Comprehensive Cardiology Services

Arundel Heart Associates

Text Box: The Arundel Heart Associates Nuclear Medicine Department is certified by  the Intersocietal Commission for the Accreditation of Nuclear Medicine Laboratories

Cardiac Nuclear Imaging

Text Box: What is Nuclear Stress Testing?
	Nuclear Stress Testing combines a regular stress test with the powerful tool of nuclear imaging.

	The stress portion of the test may be similar to that done during regular stress testing (on a treadmill) or it may be a medication induced stress test with persantine or adenosine (a medication given intravenously).

	Nuclear pictures of the heart are taken before and after exercising.
Abnormalities in these picture tell us if there is a blockage in the arteries in your heart.  It can even tell you if you had a heart attack in the past.  The test will also calculate an “ejection fraction” which is a measure of how well the heart muscle is pumping .

Before the Test
	No smoking or caffeine for 24 hrs before the test.  Do not eat for 4 hours before the test. Small sips of water are OK

	If you are pregnant tell the technician immediately, since this type of test should not be performed during pregnancy.

During Your Stress Test
	Electrodes (small pads) are placed on your chest and stomach. These connect you to the EKG machine.

	The technician will show you how to walk on the treadmill.  At first it is very easy.  As the test goes on, the speed will increase and the angle will become steeper.  Try to walk as long as possible.  The further you go on the treadmill the more reliable the results will be.  When you think you can only walk one more minute let the physician know so that the nuclear injection can be given.  After the injection is in, you will need to walk an additional minute on the treadmill.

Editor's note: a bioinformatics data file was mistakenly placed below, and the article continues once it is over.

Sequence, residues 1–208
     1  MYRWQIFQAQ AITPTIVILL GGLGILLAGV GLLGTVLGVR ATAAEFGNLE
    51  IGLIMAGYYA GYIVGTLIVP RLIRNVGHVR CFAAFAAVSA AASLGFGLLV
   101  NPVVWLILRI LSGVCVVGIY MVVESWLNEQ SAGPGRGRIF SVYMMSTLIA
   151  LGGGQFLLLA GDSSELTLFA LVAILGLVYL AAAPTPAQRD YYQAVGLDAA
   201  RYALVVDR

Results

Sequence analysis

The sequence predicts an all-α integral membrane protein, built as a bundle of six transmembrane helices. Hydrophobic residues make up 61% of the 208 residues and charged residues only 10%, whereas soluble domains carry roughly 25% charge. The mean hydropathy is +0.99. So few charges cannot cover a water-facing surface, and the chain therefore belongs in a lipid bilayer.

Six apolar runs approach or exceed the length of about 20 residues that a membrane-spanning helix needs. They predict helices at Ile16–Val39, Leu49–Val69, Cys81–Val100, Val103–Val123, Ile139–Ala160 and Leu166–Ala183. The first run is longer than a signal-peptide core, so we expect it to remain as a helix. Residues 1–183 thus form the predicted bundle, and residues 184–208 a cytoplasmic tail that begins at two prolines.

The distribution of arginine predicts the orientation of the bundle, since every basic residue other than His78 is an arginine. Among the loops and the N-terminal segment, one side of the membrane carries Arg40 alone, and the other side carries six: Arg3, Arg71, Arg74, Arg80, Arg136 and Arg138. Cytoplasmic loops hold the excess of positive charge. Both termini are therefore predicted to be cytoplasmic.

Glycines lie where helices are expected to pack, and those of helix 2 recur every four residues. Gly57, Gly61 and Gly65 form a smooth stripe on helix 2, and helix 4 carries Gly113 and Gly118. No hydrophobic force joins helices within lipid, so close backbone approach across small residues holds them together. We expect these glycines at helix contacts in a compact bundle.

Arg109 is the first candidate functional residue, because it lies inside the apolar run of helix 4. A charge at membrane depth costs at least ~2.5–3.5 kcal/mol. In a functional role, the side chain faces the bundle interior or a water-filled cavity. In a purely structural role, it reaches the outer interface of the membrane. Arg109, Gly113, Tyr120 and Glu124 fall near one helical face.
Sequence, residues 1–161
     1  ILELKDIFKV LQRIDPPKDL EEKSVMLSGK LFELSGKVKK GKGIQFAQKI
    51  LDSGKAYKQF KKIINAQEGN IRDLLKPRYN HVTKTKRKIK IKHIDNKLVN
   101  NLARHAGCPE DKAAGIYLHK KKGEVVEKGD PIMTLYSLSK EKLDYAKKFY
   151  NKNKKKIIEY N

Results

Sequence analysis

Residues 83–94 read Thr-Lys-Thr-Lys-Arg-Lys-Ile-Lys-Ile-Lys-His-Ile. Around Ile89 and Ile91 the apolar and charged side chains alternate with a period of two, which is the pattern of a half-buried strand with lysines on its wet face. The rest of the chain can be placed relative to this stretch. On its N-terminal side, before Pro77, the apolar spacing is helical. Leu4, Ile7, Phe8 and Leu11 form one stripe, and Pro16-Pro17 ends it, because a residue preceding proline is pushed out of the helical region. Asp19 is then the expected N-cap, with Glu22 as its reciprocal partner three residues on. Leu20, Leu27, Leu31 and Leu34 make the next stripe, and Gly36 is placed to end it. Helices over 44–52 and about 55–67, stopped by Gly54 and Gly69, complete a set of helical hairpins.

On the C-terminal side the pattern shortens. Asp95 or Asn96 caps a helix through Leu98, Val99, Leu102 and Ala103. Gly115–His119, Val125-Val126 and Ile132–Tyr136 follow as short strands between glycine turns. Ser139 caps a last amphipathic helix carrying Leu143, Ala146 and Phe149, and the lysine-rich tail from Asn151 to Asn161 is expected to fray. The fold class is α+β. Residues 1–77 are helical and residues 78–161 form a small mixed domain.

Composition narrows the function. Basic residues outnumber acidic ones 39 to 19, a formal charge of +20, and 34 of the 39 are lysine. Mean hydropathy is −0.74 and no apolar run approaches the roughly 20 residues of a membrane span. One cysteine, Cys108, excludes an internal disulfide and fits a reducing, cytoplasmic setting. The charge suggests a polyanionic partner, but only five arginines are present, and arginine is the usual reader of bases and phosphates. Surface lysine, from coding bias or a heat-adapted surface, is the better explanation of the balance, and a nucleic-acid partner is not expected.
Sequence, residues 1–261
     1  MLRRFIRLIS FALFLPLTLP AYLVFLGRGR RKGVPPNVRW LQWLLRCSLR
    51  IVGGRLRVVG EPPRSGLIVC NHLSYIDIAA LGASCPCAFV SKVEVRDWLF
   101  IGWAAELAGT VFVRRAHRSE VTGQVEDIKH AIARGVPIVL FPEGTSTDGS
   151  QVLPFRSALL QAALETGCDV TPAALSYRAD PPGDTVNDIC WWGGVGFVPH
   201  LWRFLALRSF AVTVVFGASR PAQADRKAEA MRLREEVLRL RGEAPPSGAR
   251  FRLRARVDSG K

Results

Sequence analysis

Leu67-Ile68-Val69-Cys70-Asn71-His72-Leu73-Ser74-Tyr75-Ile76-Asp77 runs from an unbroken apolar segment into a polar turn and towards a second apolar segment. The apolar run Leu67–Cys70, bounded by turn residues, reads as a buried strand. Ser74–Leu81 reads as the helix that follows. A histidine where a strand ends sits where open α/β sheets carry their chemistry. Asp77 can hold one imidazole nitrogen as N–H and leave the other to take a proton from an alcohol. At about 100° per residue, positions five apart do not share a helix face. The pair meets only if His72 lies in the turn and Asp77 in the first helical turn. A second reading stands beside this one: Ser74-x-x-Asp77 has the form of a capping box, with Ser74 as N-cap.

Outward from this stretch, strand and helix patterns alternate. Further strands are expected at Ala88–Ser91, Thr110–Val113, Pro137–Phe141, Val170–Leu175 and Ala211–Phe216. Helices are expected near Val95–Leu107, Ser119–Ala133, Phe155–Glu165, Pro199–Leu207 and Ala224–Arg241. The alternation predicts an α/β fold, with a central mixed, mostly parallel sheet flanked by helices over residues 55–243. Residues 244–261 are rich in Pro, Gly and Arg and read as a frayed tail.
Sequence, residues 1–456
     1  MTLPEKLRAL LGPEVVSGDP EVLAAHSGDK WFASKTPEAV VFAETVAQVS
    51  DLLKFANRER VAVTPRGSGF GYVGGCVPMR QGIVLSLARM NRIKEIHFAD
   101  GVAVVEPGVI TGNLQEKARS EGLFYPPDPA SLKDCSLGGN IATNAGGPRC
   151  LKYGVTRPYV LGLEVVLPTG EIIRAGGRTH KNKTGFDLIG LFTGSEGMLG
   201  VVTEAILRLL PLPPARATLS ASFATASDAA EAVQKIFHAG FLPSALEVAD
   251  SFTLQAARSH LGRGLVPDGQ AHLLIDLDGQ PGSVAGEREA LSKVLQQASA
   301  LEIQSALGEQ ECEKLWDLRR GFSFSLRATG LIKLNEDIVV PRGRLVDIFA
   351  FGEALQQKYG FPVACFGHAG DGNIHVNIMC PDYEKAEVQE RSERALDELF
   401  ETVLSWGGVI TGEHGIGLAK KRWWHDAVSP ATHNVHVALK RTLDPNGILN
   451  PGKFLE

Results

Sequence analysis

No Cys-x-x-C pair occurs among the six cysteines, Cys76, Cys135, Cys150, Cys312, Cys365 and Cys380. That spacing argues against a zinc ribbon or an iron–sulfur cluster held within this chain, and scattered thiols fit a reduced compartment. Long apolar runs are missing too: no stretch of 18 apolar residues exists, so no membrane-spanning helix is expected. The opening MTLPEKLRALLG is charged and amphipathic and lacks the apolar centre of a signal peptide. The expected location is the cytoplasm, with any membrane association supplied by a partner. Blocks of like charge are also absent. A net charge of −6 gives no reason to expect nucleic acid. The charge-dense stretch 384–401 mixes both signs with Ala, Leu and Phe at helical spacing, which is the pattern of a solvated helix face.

During the test your EKG and your blood pressure will be monitored. Be sure to report any symptoms such as:
			—Chest arm or jaw discomfort.
			—Severe Shortness of Breath
			—Fatigue or dizziness
			—Leg cramps or soreness

	Never stop walking suddenly or jump off the treadmill as serious injury can result. If you need to stop, notify the doctor and he will slow down or stop the treadmill.

Persantine or Adenosine Cardiolite
	For patients that are unable to walk on the treadmill, an intravenous medication (persantine or adenosine) can be given.  This replaces the nee walking on the treadmill and still allows the “stress” test to be performed. 
Call 410-768-0919 to schedule your test.